For example, assume someone wants to look at an application for insurance. The person wants to create and view a report of all the applications waiting for approval. Why? Because the person is reviewing applications to decide if they should be approved or not. So creating and viewing the report is one part of a larger use case – Determine Insurance Eligibility. A step of that use case would be to get a report of all applications waiting for approval. Another step would be to select an application for review (with any rules you have for which one to select, such as pick the application with the oldest filing date).

Here is a bit of an example to illustrate this concept:

Determine Insurance Eligibility
================================

1. The use case begins when the Evaluator asks the system for a list of all insurance applications waiting for approval.

2. The Evaluator selects the application that has the oldest filing date.

3. The system displays the details of that application.

4. The Evaluator enters the applicant’s age and medical information into the Health Calculator.

5. The Health Calculator determines the health index for the applicant and displays the health index to the Evaluator.

6. The Evaluator enters the applicant’s age, city and state of residence, number and age of dependents, and the health index into the Rate Calculator.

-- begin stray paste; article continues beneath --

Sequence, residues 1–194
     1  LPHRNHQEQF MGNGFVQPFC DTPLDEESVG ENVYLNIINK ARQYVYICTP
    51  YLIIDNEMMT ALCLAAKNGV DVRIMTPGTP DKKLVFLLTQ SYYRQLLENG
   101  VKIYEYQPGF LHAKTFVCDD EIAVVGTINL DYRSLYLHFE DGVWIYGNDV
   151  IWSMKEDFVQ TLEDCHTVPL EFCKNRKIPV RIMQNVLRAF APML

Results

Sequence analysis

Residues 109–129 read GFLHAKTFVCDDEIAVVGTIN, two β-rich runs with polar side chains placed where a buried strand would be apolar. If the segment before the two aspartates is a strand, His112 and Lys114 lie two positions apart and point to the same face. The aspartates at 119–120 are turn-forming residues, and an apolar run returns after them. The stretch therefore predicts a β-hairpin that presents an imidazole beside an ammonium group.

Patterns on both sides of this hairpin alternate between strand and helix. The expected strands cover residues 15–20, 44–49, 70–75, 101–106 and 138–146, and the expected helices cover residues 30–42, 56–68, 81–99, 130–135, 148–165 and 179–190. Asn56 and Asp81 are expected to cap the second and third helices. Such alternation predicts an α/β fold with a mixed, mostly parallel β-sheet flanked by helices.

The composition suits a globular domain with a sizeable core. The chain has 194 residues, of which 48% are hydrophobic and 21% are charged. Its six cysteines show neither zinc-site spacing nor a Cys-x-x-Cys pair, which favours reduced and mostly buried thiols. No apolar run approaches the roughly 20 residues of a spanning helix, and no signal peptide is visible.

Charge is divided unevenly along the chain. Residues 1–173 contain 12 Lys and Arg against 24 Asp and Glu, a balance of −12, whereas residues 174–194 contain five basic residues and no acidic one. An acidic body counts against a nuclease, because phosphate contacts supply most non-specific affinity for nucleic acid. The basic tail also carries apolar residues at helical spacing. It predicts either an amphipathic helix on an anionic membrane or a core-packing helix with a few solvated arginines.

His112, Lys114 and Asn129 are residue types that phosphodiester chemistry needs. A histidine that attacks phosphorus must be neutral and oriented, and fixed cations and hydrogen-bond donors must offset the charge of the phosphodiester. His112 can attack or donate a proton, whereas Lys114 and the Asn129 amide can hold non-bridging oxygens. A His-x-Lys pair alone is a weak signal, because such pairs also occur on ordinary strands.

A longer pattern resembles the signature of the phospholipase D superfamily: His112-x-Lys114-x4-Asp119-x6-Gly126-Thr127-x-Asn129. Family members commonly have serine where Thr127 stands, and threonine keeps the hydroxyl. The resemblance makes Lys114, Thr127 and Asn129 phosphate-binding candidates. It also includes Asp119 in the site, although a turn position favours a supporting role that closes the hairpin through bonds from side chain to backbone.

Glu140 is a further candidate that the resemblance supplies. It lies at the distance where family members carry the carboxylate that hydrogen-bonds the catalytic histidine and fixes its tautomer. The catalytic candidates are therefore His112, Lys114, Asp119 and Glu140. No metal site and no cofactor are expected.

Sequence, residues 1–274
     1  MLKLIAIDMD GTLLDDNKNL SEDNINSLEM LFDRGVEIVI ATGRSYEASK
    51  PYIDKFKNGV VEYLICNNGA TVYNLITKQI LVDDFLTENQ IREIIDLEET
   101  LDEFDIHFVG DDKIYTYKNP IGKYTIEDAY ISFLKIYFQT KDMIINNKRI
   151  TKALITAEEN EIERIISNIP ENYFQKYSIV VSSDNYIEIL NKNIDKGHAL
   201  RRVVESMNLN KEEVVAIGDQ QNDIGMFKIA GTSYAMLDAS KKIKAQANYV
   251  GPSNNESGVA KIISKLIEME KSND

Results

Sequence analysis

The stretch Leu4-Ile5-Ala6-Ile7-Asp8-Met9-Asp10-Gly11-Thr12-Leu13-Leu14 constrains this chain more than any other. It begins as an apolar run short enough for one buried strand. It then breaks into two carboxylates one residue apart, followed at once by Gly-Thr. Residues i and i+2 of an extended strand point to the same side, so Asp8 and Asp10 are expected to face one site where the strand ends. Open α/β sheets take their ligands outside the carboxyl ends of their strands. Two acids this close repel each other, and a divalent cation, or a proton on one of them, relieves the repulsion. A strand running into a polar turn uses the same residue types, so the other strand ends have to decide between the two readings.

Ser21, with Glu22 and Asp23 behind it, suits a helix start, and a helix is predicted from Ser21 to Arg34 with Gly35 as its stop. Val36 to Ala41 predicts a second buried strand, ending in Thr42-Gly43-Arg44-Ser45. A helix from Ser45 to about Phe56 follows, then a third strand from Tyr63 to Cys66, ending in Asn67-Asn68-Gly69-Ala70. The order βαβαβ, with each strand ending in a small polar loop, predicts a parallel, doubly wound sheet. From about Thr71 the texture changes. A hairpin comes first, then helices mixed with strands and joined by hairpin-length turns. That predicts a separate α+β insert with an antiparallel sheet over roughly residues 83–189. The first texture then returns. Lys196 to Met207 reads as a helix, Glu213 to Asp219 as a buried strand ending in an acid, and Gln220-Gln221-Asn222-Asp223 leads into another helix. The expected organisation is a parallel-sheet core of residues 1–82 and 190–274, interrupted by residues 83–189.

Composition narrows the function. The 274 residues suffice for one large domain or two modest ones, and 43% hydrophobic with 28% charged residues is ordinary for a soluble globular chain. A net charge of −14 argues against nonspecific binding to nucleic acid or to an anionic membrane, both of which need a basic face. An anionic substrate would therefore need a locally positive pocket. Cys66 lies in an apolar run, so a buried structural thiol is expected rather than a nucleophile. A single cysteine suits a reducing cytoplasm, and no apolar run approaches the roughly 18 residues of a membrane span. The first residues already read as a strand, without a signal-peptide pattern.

7. The Rate Calculator calculates the rate to be charged for the insurance.

…. There would probably be other steps here.

Alternatives
============
Application is denied

Now, what about step 1? What does that list of applications (report) look like? For that, you would use a report specification.

A report specification is a document that describes a report. In this document, you will describe the information that the user will enter into the system, how the report information is obtained or calculated, and what information is displayed to the user. You might also include a page with the design of the report, showing the various fields and the layout of the report. You can include any rules or algorithms that are used to create the report. You can include restrictions on who is allowed to generate or view the report, or indications as to when the report is run (for example, whenever needed, every night, once a week, once a month, once a quarter).